Well, if there's anything that might make investors uneasy, it's a string of management defections from a company. And on Friday, TiVo (NASDAQ:TIVO) announced the resignation of another high-level executive, Chief Financial Officer David H. Courtney. It might be hard for diehard TiVo investors not to sustain a little shudder over this, seeing how this is the third high-ranking executive to leave a post within a year.

I can't resist snarking about the press announcement's timing, either, since it hit the newswires at 4 p.m. Friday. How many of us think such ill-timed press announcements shouldn't be called "we hope everybody's already left for the weekend before they get a load of this" releases?

Anyway, dig into the press release and there is some explanation for Courtney's departure. "In light of the company's recent accelerated achievement of its profitability target, its very strong financial position, and the successful transition in CEO leadership, I feel that this is the right time for me to turn my attention to new and different pursuits," Courtney said.

Hmm. Things are going swimmingly, and my work here is done? Not.

We all know that TiVo still faces plenty of challenges from a slew of rivals on many fronts. Despite its highly anticipated deal with Comcast (NASDAQ:CMCSA), it recently lost its very important arrangement with DirecTV (NYSE:DTV), one that represents a whole lot of subscribers. TiVo also said recently that it plans to delay sustained profitability to embark on yet another marketing blitz. Yeah, yeah, it's to sign on as many subscribers as possible -- we've heard it before.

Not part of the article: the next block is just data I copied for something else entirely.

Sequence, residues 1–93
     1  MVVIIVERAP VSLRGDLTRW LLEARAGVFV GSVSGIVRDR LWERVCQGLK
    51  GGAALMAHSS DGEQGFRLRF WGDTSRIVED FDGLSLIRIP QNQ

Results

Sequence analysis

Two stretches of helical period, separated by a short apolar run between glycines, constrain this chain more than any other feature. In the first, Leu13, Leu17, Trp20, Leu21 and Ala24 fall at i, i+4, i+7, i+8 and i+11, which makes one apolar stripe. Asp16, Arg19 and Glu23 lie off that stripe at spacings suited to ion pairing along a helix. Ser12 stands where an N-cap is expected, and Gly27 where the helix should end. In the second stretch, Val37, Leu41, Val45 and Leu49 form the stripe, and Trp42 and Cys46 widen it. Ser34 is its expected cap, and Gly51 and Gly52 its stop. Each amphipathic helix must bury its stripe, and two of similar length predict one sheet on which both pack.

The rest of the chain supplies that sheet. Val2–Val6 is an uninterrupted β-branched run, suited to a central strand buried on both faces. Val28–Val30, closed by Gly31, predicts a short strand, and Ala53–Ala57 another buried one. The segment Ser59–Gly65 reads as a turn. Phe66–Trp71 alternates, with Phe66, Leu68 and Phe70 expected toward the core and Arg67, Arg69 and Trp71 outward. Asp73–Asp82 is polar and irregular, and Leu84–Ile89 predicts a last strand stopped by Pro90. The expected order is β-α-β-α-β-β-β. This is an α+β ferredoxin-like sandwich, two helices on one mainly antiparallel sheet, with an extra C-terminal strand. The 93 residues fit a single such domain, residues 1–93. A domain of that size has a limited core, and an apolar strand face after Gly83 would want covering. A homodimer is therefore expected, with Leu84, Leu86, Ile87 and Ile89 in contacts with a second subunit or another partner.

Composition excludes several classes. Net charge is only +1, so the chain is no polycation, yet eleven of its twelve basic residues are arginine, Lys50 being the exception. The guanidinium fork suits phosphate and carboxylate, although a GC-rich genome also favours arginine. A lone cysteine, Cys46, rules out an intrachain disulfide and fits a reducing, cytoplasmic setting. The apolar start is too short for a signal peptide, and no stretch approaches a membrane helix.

There's plenty of work to do at TiVo, and it's not like this is an isolated incident. Many of you are likely aware that TiVo's CEO Mike Ramsay stepped down from the post early this year, and President Marty Yudkovitz jumped ship very shortly thereafter.

I popped by our TiVo discussion board on Fool.com, and one Foolish Community member questioned some disclosure in TiVo's related SEC filing -- asking why, if Courtney is leaving in April 2006, is he set, according to a severance package, to receive bonus compensation linked to full-year 2006 and the first nine months of 2007? That's one heck of a good query, one that many TiVo investors should probably be asking.

In addition, in the fine print under regulation FD in the 8-K filed with the SEC, TiVo disclosed that Brodie Keast, the company's executive vice president and general manager of the consumer division, is also leaving.

I admit it, I have a soft spot for TiVo. Long ago, before I even worked for the Fool, I held shares in TiVo. (These shares were sold before I came to work for the Fool. We do have a strict disclosure policy.) And, I use TiVo at home, so I am no stranger to the great -- and arguably superior -- service the company provides. However, if I were still a TiVo shareholder, I think this latest event might give me one more reason to feel uneasy.

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Alyce Lomax does not own shares of any of the companies mentioned.